Hardy-Weinberg equilibrium and genetic association study
Article first published online: 21 DEC 2011
© 2011 The Authors. Respirology © 2011 Asian Pacific Society of Respirology
Volume 17, Issue 1, pages 191–192, January 2012
How to Cite
Wang, X., Liu, Q. and Chen, Q. (2012), Hardy-Weinberg equilibrium and genetic association study. Respirology, 17: 191–192. doi: 10.1111/j.1440-1843.2011.02063.x
- Issue published online: 21 DEC 2011
- Article first published online: 21 DEC 2011
- Accepted manuscript online: 14 SEP 2011 06:56PM EST
We appreciate the interest of Denholm and McBryde and their support for the findings published in our article. The test for Hardy–Weinberg equilibrium (HWE) is very important and necessary in association studies.
G.H. Hardy and W. Weinberg individually came to the same conclusion that without the influence of migration and selection, the mutation rate and frequency of genotypes will remain stable for generations in a large and randomly mating population. Such a population is said to be in genetic equilibrium.1,2 Testing for HWE is commonly used for quality control of large-scale genotyping and is one of the few ways of identifying systematic genotyping errors in unrelated individuals.3,4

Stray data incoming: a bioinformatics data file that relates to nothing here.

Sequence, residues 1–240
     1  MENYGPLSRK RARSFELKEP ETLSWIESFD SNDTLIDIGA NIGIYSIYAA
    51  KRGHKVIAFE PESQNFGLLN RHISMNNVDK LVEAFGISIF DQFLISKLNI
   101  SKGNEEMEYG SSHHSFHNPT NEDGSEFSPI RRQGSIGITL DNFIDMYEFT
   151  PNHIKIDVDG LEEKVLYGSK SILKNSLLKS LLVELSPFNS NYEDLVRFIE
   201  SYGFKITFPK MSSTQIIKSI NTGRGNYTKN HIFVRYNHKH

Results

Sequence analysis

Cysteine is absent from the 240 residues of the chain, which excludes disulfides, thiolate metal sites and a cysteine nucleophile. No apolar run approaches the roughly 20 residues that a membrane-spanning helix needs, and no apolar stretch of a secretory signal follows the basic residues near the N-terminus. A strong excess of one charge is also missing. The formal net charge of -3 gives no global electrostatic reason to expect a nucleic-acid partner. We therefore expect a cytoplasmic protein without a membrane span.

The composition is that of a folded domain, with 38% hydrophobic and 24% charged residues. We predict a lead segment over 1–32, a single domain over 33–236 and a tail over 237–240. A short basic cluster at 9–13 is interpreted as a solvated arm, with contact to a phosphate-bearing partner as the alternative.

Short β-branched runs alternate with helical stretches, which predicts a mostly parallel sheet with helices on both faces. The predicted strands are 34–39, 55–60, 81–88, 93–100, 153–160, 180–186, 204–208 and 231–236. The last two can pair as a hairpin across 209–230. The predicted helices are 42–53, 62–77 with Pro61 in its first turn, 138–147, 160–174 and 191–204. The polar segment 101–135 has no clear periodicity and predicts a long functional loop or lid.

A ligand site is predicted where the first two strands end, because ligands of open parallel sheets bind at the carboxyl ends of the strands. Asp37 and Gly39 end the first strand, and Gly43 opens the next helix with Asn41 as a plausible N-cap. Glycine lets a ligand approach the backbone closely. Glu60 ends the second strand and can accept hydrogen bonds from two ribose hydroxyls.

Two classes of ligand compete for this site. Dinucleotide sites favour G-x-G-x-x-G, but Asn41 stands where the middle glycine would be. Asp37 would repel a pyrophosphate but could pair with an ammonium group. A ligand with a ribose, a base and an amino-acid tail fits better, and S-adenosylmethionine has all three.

Departure from HWE may occur for many reasons, including biological factors, genotyping errors, random events or failure to satisfy the requisite assumptions for HWE. However, some investigators believe that any marker showing departure from HWE is likely to be erroneous and/or misleading; as a result, information that is of value for mapping and identifying causal polymorphisms may be discarded. Nevertheless, the homogeneity of the genetic background of the population and the reliability of association analyses must be ensured. Therefore, fulfilment of HWE for control populations must be one of the inclusion criteria for meta-analyses of genetic association studies.
- 2On the demonstration of heredity in man. In: Boyer SH (ed.) (1963) Papers on Human Genetics. Prentice Hall, Englewood Cliffs, NJ, 1908; 4–15..